LK Advani has right to be unhappy over vitiating political discourse in India, but given his history, it reeks of hypocrisy

Given veteran BJP leader LK Advani’s background as politician, his recent protestations over vitiating political discourse in India have a touch of hypocrisy about them

Ajay Singh April 05, 2019 18:07:17 IST
LK Advani has right to be unhappy over vitiating political discourse in India, but given his history, it reeks of hypocrisy
  • Advani's blog is a classic example of a studied ambiguity which conceals more than what it reveals

  • His new blog post is rightly interpreted as the BJP leader’s displeasure over the manner in which a section of the party has been steering the political discourse

  • His protestations, however, have a touch of hypocrisy since Advani was singularly blamed for the communal rhetoric during the peek of the Ayodhya movement

  • Advani’s call for introspection within the party was intended to serve as a rap on the knuckles of the ‘erring’ BJP leadership

  • Narendra Modi has taken taken the sting out of the comment by praising Advani’s leadership and his self-less qualities

LK Advani was once gently dissuaded from writing his regular blog in 2013 that coincided with the rise of Narendra Modi on the national scene. Of course, there was no correlation between the two, yet the coincidence raised doubts in his mind.

Though quite perturbed over this suggestion, the BJP patriarch shunned writing blogs all these years — his last jotting was in April 2014 — till he decided to make an exception on Thursday.

LK Advani has right to be unhappy over vitiating political discourse in India but given his history it reeks of hypocrisy

File image of BJP leader LK Advani. Reuters

In his fresh blog post, he once again tried to explain his position in the party by reiterating the principle of “Nation First, Party Second and Self Last”, which he had learnt by rote in his training as a swayamsevak or RSS volunteer. Advani had internalised these values since the age of 13 when he joined the RSS, he clarified.

In his political life, Advani has always been highly articulate. But his blog is a classic example of a studied ambiguity which conceals more than what it reveals. Take for example the manner in which he avoided mentioning the name of BJP president Amit Shah as his successor from the Gandhinagar Lok Sabha constituency and appeal for his victory while expressing his gratitude to the people for electing him six times since 1991. He clearly owed it to the party to which he swears unswerving loyalty.

Always cautious of choosing his words, Advani would have been conscious of the fact that his emphasis on the distinction between "enemies" and "adversaries" would give fodder to the Opposition at the peak of the election campaign. Since Prime Minister Narendra Modi and BJP president Shah have strategised the election campaign on the plank of nationalism, the political discourse is veering towards painting the Opposition as a pack of villains, Advani’s message is rightly interpreted as the veteran leader’s displeasure over the manner in which a section of the party has been steering the political discourse.

No doubt, there could be genuine angst in Advani’s formulation. Nobody can begrudge his right to be unhappy over vitiating political conversation in the country. However, given Advani’s background as politician, his protestations have a touch of hypocrisy about them. If you have any doubt, consider the peak of the Ayodhya movement led by him, and you would realise that the discourse had touched the extreme nadir during those times. In Uttar Pradesh and Bihar, riots had ensued as communal rhetoric was at its worst. Advani was singularly blamed for the situation then. Compared to those times, the rhetoric on nationalism is much less fiery.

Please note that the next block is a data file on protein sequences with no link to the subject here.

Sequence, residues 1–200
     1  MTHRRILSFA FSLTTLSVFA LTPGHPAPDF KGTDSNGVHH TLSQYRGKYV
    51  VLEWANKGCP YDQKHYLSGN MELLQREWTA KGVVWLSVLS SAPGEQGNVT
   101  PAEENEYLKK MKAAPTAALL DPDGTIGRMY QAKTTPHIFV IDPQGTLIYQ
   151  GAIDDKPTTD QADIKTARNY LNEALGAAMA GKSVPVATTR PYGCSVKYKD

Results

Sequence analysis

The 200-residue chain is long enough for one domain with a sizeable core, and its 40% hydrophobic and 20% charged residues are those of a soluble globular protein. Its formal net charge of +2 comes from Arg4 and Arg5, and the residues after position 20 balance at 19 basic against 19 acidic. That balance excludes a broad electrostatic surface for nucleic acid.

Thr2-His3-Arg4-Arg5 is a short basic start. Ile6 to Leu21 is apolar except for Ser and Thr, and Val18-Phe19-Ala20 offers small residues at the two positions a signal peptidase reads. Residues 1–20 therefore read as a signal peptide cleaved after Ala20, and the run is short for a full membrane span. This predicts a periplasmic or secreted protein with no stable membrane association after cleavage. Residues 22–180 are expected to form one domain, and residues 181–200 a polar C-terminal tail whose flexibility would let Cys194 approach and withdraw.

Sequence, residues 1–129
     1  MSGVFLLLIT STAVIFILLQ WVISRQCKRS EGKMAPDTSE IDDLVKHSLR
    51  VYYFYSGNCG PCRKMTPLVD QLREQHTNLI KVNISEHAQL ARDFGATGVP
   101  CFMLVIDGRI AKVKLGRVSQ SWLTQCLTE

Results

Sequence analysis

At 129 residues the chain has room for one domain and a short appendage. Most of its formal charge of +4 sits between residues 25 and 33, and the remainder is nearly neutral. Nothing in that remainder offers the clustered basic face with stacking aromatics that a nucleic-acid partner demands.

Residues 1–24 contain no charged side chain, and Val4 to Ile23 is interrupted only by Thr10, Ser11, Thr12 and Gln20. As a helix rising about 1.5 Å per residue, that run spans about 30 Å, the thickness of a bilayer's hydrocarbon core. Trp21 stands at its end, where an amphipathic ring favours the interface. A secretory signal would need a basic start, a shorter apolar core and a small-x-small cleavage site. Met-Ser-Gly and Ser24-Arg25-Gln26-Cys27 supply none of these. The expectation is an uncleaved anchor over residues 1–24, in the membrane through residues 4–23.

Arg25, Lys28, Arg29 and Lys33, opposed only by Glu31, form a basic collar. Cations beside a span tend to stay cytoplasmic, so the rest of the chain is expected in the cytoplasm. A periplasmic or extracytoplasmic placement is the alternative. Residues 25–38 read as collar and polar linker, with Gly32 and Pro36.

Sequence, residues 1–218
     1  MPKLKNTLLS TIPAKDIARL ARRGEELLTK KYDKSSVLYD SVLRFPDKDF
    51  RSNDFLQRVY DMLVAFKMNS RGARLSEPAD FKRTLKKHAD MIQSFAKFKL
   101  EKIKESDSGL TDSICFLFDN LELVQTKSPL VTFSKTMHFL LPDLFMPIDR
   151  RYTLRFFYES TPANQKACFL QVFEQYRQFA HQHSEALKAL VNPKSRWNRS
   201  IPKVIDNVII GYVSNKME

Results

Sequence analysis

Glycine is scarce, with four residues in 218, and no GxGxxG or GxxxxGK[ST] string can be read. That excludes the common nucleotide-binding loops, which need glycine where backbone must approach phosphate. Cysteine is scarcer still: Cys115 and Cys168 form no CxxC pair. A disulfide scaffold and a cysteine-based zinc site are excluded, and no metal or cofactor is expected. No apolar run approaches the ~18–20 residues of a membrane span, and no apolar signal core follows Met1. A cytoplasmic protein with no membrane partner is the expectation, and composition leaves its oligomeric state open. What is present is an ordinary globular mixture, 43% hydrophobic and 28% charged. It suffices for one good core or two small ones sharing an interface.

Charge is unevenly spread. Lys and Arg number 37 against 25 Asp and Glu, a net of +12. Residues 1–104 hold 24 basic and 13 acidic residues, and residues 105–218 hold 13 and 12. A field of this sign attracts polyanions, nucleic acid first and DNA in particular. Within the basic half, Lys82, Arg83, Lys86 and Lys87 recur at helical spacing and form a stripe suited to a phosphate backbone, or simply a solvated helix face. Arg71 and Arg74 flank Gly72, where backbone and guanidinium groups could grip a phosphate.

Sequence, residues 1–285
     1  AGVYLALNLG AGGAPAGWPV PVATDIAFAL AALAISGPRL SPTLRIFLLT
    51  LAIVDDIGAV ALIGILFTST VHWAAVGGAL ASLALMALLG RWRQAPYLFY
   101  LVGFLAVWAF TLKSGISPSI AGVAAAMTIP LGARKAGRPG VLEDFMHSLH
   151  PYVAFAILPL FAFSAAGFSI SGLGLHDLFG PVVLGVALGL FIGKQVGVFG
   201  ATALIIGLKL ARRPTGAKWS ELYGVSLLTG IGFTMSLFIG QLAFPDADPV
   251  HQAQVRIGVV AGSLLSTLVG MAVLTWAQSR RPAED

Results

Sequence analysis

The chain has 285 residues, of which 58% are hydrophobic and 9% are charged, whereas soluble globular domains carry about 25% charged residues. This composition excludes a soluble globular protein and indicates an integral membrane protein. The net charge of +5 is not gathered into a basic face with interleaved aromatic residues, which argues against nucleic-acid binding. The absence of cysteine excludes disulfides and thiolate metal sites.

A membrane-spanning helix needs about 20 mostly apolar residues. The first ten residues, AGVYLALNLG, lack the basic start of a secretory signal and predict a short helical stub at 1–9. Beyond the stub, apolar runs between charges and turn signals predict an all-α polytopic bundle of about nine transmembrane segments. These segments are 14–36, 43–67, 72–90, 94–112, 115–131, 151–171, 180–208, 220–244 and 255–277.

Advani’s call for introspection within the party was intended to serve as a rap on the knuckles of the ‘erring’ BJP leadership. But Modi has swiftly taken the sting out of it by tweeting and endorsing this blog post and praising Advani’s leadership and his self-less qualities. Quite clearly, within the party, Advani’s hidden message was overpowered by extolling him and his qualities as a leader in the true sense of the Sangh Parivar’s tradition. Perhaps the manner in which Advani’s fulmination was pushed to the background speaks volumes about the BJP’s deft management of the geriatric anger within the saffron fold.

Apparently Advani’s problem emanates from his inability to reconcile with the emerging political realities after the 2009 Lok Sabha Election in which he was projected as the prime ministerial candidate and lost.

His leadership was effectively marginalised though he retained his tenuous hold on the party’s organisational structure. However, by 2012, Modi had emerged as the most popular face of the party when he won the Gujarat Assembly election for the fourth consecutive term as the chief minister. Advani further undermined his position by resisting Modi at every step till he was declared the prime ministerial candidate at the party national executive in Goa in 2013 — in Advani’s absence.

Apparently it was in this context that Advani was dissuaded to write blogs on political issues as his opinions were often not in tune with the party line. Though Advani reluctantly agreed, he was unhappy over the manner in which he was stopped from expressing his views. He often expressed his anguish over this instruction which was seen as the gagging of the veteran leader.

Advani's latest blog post is expected to be an exception given the fact that he is not known to cross the boundaries set by the party. However, despite expressing his discomfort, his commitment to the party’s values in his blog is an assurance to the Sangh Parivar leadership that the patriarch’s petulance would not go beyond limits.

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